I did a Multiple Movements training with AIA last week. At one point, someone asked, “What if a person is not ready to lead?” My first response may have been a bit simplistic. “No one is ever ready to lead.”
True there are character issues and time constraints. But rarely does the person we ask to take on responsibility, think they are ready for that next step. In short, most lack confidence. They know you can do it; you are staff. But they often do not believe they can do it. The person we are working with is able to do something. It is up to the staff coach to figure out what that something is, equip them to do it and instill confidence that God will use them.
Tom, our youngest son is 16 and a sophomore in high school. I am still teaching him to drive. I can drive better than he can. That is not the point. I do model periodically, but the focus now is to get him behind the wheel and put him in various situations where he can gain experience. The more experience he has, the greater his confidence.
Tom runs track and cross country. His coach knows that he is built more for long distance than sprints and has trained him in those events. He would be foolish to enter Tom in the pole vault or shot put. Last week, he won the Freshman/Sophomore 1600 meter race (the mile run) with a personal best time of 4:58. Much of our encouragement leading up to the race was “You have it in you to run faster.” But I noticed that everyone on the track team participated in at least one event. The coach had to put thought into what every athlete would do.
As we give students opportunities to minister, we want to encourage them that God will use them. In Paul’s prayer for the Ephesians in the first chapter of his letter, he wants them to know the hope their calling, the riches of their inheritance and God’s power toward them. Let them know that what they are doing has eternal consequences. God cares more about them and what they do than anyone else ever will. They do what they do with an audience of One. God hears their prayers and He will honor their efforts. Not everything will turn out the way we expect, but God is the one at work in and through them.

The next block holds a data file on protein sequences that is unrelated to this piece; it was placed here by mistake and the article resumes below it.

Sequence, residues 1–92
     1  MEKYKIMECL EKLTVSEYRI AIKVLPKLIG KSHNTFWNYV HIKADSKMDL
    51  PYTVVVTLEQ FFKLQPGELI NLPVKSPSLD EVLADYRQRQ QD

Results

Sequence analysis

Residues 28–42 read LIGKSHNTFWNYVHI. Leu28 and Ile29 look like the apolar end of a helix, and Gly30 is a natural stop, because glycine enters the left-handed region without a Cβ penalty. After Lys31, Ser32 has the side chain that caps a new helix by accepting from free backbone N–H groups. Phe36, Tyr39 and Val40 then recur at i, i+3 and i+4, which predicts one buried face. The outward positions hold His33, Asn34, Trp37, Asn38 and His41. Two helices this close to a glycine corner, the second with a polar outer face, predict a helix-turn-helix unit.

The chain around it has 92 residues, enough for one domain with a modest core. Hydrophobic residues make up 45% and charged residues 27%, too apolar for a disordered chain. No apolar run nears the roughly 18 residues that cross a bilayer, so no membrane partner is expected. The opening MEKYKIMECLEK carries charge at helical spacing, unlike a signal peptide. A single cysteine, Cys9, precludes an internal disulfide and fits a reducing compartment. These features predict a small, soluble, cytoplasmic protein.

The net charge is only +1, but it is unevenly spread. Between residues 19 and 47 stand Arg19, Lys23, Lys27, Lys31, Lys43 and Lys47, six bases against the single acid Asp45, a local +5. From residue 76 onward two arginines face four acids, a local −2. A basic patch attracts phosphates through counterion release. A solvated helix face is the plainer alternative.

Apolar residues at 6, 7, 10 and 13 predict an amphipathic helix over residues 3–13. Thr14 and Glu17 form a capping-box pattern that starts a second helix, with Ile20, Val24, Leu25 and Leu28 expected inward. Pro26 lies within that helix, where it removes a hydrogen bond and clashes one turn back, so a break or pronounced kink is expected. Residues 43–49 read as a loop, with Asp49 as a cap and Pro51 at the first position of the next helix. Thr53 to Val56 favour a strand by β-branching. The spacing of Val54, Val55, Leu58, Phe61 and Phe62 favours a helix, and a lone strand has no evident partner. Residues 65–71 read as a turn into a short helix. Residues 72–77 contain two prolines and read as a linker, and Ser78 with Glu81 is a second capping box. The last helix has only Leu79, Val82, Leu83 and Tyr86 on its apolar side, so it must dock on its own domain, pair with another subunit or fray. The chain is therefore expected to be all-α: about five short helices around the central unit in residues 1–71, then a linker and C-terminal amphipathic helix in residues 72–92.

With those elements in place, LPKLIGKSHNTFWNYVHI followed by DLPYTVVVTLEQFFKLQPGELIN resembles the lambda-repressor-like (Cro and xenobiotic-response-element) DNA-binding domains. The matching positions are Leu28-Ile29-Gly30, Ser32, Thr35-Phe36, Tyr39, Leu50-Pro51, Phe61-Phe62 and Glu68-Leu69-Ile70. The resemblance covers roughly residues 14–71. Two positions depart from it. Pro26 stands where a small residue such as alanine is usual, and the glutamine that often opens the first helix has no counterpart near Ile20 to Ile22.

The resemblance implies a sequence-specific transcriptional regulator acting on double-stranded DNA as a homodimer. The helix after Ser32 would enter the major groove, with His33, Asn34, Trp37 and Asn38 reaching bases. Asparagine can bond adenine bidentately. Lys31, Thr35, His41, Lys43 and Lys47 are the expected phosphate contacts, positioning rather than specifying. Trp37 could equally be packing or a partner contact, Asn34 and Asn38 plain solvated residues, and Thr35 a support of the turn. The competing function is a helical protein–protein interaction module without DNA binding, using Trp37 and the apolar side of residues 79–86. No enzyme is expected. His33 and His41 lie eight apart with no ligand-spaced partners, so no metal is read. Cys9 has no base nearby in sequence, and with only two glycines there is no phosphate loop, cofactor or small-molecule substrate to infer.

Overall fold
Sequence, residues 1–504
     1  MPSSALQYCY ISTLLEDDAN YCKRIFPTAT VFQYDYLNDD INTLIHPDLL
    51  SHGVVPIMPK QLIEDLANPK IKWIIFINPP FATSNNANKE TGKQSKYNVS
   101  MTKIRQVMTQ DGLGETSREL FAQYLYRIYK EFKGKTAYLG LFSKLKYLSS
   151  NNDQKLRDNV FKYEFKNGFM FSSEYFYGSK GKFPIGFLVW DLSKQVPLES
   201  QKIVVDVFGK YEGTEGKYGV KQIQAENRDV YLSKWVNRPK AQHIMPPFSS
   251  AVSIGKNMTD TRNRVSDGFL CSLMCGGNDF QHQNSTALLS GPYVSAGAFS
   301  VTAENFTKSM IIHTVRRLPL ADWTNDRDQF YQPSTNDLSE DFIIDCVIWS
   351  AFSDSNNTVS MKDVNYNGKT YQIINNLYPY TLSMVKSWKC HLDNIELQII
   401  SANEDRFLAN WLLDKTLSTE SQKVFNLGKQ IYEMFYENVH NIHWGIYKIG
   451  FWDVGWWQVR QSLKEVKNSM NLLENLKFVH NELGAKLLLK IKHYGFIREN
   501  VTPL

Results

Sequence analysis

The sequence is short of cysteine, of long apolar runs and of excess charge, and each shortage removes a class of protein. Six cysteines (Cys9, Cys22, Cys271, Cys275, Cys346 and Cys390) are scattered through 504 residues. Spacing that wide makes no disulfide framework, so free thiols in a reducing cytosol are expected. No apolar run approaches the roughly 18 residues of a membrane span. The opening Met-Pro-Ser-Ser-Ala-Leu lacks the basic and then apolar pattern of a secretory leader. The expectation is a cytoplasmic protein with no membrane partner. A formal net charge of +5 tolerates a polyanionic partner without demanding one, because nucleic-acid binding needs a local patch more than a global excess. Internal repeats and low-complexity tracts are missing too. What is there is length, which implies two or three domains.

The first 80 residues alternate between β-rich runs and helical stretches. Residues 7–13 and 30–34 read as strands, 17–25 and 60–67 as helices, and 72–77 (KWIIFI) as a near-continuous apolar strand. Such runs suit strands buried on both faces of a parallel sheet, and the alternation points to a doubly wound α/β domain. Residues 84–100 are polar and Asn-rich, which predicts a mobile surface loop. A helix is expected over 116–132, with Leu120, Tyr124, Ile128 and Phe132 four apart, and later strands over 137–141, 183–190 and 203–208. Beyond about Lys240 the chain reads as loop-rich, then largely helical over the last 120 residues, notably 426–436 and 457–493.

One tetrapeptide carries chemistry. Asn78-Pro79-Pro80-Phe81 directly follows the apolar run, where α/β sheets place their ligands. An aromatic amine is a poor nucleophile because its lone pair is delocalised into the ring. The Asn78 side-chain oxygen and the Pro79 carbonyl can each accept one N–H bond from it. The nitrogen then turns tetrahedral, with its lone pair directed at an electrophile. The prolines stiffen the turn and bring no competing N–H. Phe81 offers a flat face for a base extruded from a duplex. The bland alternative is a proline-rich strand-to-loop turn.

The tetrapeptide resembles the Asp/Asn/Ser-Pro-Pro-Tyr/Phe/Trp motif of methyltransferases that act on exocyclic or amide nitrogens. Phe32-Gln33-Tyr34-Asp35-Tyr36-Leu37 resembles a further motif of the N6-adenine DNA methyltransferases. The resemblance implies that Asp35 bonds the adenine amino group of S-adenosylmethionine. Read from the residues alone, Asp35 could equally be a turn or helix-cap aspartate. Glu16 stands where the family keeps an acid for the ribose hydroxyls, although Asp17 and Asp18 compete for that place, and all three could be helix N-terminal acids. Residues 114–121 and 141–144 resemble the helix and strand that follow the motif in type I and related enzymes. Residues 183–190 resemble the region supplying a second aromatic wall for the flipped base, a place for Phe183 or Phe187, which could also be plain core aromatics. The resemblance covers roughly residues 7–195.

Our pastor said last week, “A leader values others and empowers them to do what they believe God has called them to do.” In looking at various resources on this topic, I noticed an article on steps to instill confidence in others about our own leadership abilities. But we want our students to gain their confidence in what God can and will to do as they step out in faith. Often we can think, “If you want something done right, do it yourself.” or “By the time I set someone else up to do a task, I could have done it easier myself.” But we miss the developmental opportunities of involving others in the mission if we think that. Sure this can be messy, but they gain confidence by the way you come along side them and their seeing God work.
Finally, here is a practical thing. Say you have tried to call someone a couple of times and you have not reached them. “Leave a gift, not a guilt.” It would be easy to say, “Hey I have been trying to reach you and haven’t heard from you. Please give me a call sometime.” But, rather, “I have been thinking about you and prayed for you today. Hope you are doing well. Say, I wanted to let you know about this resource/idea/event. I hope you will find helpful.” You are leaving a gift rather than a reminder that they have not done something. If you do that every time, they will look forward to hearing from you. That instills confidence.